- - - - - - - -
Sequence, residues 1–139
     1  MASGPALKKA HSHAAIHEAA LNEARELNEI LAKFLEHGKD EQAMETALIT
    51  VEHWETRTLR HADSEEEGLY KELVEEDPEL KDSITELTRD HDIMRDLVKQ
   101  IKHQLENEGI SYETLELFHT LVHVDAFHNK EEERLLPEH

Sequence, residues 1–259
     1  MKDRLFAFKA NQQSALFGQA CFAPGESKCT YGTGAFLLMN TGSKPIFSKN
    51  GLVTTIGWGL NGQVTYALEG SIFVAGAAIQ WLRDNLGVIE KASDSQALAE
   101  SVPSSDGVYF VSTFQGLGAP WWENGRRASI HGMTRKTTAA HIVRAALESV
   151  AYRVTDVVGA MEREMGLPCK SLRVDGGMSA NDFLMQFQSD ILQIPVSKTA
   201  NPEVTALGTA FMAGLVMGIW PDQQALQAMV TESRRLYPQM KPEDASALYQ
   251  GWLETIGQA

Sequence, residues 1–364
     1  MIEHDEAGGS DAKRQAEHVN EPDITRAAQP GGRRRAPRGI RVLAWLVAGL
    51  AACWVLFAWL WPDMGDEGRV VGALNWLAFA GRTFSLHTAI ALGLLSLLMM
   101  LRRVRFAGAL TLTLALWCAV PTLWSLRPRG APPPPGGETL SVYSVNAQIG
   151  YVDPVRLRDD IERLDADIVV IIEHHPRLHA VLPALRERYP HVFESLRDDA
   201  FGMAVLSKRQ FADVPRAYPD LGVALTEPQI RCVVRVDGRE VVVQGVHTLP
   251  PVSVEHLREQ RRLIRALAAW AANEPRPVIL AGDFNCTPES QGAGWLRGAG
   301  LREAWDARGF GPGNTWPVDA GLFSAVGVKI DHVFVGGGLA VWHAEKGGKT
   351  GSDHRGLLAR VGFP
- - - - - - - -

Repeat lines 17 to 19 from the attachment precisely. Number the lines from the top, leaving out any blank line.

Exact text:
   201  FGMAVLSKRQ FADVPRAYPD LGVALTEPQI RCVVRVDGRE VVVQGVHTLP
   251  PVSVEHLREQ RRLIRALAAW AANEPRPVIL AGDFNCTPES QGAGWLRGAG
   301  LREAWDARGF GPGNTWPVDA GLFSAVGVKI DHVFVGGGLA VWHAEKGGKT